There are a few companies in Germany that are early adopters and innovators in the HR space. They are not afraid to take risks. You can see these people on Twitter, Facebook or LinkedIn . These are also people who are active in the blogging space. These companies are of course open to the idea at first. With the majority of other companies, it is a step by step process.
We first talk about how they can start using Careerdate as a distribution platform for their existing events. We market the events for them. This allows them to test the platform as a pilot. When people have good experiences, they tend to share these and then it moves forward.
If it is driven initially through the networks, would you say that it is the impediment to scaling the operations of a platform like Careerdate?
Christoph: There are about 100 thoughtleaders in the recruitment space in the German speaking world. But there are tens of thousands of medium sized companies that have the bigger challenges. These companies have great, unique cultures but no one knows them. With their little known brand, hiring for the right culture is not easy for them.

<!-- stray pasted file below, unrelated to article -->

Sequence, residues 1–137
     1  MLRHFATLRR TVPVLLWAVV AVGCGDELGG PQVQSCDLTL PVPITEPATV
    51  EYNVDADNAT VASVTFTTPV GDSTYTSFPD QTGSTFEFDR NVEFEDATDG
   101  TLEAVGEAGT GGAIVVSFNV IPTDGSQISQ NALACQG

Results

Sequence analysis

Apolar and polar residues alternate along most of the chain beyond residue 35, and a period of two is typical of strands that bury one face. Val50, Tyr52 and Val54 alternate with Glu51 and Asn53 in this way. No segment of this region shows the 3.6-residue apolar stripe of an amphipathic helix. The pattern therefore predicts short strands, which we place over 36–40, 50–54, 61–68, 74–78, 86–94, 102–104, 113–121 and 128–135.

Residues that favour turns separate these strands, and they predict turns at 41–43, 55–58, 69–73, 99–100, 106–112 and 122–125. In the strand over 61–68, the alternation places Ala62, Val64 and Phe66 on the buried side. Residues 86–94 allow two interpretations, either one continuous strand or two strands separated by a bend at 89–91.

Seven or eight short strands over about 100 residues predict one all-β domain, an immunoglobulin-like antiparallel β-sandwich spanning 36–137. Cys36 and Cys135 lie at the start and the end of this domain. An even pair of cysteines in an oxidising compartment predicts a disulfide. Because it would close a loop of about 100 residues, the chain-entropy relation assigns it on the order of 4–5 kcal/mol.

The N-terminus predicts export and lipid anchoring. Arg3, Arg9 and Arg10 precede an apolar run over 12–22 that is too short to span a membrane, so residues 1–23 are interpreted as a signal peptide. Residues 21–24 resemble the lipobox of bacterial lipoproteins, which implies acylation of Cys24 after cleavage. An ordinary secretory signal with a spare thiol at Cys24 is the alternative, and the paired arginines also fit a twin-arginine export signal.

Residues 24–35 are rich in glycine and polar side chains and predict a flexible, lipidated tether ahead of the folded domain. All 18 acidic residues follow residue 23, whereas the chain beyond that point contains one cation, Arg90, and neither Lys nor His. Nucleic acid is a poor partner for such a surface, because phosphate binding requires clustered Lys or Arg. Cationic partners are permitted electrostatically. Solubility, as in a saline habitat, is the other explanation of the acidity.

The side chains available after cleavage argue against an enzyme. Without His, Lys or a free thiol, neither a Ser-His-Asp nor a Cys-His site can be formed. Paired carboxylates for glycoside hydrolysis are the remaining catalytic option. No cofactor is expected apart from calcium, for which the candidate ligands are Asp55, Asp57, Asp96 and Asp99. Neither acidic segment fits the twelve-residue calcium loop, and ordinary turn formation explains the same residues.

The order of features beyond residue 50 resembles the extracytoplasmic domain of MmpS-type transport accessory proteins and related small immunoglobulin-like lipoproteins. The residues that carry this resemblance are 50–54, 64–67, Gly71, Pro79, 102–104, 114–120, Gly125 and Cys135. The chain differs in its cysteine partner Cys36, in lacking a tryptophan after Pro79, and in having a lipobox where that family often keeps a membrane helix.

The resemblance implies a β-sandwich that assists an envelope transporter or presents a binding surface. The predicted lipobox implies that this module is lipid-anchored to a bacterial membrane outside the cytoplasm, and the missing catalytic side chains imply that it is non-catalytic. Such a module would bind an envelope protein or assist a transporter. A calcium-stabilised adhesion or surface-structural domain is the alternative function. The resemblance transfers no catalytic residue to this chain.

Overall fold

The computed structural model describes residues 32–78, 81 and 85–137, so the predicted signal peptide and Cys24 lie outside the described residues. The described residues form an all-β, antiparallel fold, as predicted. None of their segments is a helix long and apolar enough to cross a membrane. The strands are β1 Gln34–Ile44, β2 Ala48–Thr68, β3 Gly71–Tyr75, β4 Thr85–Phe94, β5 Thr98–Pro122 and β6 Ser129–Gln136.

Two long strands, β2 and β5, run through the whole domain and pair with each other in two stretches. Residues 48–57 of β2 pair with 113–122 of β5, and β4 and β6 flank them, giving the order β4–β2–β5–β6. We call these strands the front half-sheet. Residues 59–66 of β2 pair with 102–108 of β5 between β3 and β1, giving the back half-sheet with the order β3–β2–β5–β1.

These companies are the ones that would enable scaling. So the challenge to scaling the platform is in fact not the network, but our own resources that enable us to reach out to these companies who have the real need. This means, marketing and sales professionals who call them, make the Careerdate concept known and show them how it can benefit them. Currently, we are a small company (based in Stockholm) with 7 people.
At the end of this year, we will analyze the growth and the metrics we have for us, and then see if we can scale up resources for the next year. Initially, we began in the German speaking DACH region to use this as a proof of concept and establish a market need, and if it all goes well, the plan is indeed to take it forward to markets like the US and UK where recruiters tend to be more open about such concepts.
For a recruitment platform like yours, what is the main success factor: higher usage and traffic of the platform or the increase in subscription services- because both these can mean different strategic approaches.